Dear Matt Garman,
It pleases me to submit my candidacy as the next vice president and chief marketing officer for Amazon Web Services. The expression of a role like this always comes down to the unique perspective of the person in the job, so permit me to expound on why I believe I’d be the best Think Big candidate for this role.
- A role like this requires having walked a mile in the customers’ shoes, and I am a longstanding AWS customer myself. I’ve seen firsthand what aspects of AWS’s marketing resonate, which fail to gain traction, and which subject the company to mockery and derision. You couldn’t ask for more Customer Obsession when the person marketing AWS services to customers actually is a customer.
- Marketing necessitates telling stories about what the customer’s experience would be if they use your product or service — and I’m a consummate storyteller, as evidenced by the ridiculous number of posts I’ve been able to write about AWS over the past six years.
- As a business unit with an $80 billion run rate, AWS is certainly already focused on how it’ll drive the next $80 billion. While it’s true that the AWS bill never gets smaller on its own, AWS clearly wishes to accelerate adoption by new customers. Fortunately, this resonates with me, as I lack any semblance of patience.
Throughout my time with Last Week in AWS and The Duckbill Group, I have been a big believer in a Bias For Action. To that end, I’ve taken the liberty of showing how I envision the VP/CMO role unfolding in my first 30, 60, and 90 days.
My first 30 days
I’ll obviously begin by going through the usual AWS onboarding that applies to all new hires. As soon as is practical, I’ll emerge from that process to set two small things in motion.
The first thing I’ll do at the start of my tenure is take Ownership by meeting with key stakeholders to determine the longer term vision around AWS’s marketing strategy and map it to current marketing efforts. As the parable of Chesterton’s fence teaches us, only a fool removes something without understanding why it was created in the first place. I am many things — but I flatter myself by assuming that I’m very rarely as foolish as I may seem.
Second, just to see what the waters look like around a common AWS practice (giving things unfortunate names), I’ll find the nearest conference room to my office and rename it. Who objects? What obstacles arise along the way? Exactly how much can I get away with? Call this an experiment in Learn and Be Curious.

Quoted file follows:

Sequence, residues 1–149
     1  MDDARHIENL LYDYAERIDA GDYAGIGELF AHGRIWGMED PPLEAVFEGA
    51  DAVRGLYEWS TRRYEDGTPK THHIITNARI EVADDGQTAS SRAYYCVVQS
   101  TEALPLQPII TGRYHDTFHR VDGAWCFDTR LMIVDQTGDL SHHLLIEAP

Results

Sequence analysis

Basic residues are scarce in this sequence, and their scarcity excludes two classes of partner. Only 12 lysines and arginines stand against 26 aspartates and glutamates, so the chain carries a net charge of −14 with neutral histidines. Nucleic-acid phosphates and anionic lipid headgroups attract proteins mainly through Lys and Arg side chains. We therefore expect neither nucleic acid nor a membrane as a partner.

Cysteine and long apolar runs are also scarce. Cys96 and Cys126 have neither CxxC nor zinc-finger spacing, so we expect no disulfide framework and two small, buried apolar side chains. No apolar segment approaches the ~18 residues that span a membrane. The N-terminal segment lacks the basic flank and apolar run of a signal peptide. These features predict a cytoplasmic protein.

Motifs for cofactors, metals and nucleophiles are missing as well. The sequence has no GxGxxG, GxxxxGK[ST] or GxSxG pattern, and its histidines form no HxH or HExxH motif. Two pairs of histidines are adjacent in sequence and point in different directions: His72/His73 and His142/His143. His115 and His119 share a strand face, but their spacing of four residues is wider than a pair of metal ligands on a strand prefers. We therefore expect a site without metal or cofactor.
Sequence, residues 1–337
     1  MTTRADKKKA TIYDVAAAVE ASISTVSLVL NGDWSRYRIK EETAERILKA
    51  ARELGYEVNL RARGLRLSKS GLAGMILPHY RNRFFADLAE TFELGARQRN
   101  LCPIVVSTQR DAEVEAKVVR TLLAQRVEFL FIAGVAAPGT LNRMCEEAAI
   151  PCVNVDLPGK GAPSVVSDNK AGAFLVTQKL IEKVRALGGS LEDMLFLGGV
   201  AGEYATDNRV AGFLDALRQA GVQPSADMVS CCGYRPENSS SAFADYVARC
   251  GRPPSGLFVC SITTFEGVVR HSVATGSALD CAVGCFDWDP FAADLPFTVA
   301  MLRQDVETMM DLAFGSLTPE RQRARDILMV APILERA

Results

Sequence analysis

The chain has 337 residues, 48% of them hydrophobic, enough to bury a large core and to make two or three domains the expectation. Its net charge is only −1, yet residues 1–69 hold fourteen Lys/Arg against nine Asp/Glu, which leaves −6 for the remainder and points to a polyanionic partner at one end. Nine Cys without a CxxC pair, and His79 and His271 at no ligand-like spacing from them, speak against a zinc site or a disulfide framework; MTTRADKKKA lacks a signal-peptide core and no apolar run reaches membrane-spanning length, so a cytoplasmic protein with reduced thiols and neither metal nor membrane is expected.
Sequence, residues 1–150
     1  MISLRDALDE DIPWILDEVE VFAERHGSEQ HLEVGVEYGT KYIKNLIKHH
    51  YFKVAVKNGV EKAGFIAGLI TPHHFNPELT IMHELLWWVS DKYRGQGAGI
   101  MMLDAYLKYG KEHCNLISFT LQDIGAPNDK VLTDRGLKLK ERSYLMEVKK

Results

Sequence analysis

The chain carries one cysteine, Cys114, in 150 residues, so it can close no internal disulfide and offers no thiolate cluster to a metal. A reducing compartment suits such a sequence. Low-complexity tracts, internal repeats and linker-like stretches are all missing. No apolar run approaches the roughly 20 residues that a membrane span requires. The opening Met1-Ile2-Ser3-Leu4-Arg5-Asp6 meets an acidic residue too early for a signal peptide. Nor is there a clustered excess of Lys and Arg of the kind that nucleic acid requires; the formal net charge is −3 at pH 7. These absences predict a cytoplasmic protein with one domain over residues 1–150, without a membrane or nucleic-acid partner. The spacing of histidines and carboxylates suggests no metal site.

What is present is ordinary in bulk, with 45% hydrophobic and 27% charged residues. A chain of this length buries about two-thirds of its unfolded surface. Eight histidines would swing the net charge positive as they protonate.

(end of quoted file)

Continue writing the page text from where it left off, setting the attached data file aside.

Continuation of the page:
My first 60 days
AWS is a data-driven business, so by the end of my second month at AWS, I’ll have consumed and synthesized the graphs, charts, and long-form written narratives that are littered around the company. After processing my initial reactions of “Oh, so THAT’S why it is the way that it is,” “Wait, did they seriously think that this would work?” and “Oh my god, if this had actually worked, it would have ended up before a congressional committee,” I’ll presumably have gotten enough context to understand not merely the “what” but also the “why” behind so many puzzling aspects to AWS’s offerings.
Early indications from analyst conversations with Gartner and other shops will show a rising sense among customers that service naming at AWS is no longer the disaster it’s historically been. While the names are certainly not terrific, they’re at least amusing to a given service’s target audience, analysts will find.
AWS Infinidash will launch on Day 60, to worldwide fanfare and renown.
My first 90 days
My third month is when I will really shine. By then, I will have renamed all the buildings that constitute Amazon’s Seattle campus “re:Invent.” Remote work will increase dramatically due to the fact that nobody can find their offices anymore. Andy Jassy will awaken one morning to discover his middle name is now “Corey.” A Quinnipiac poll will show Jassy’s popularity surging wildly among every demographic; he’ll begin to consider a run for office.
As you can see, the face of AWS will change dramatically when I take the helm as vice president and CMO. I know that I’ll Deliver Results like these — after all, I Am Right, A Lot.
I thank you for taking the time to read this very public cover letter and look forward to hearing back from your team regarding next steps.
Snuggles and Rainbows, Corey Quinn
P.S. Please consider the environment before tattooing this letter upon your torso.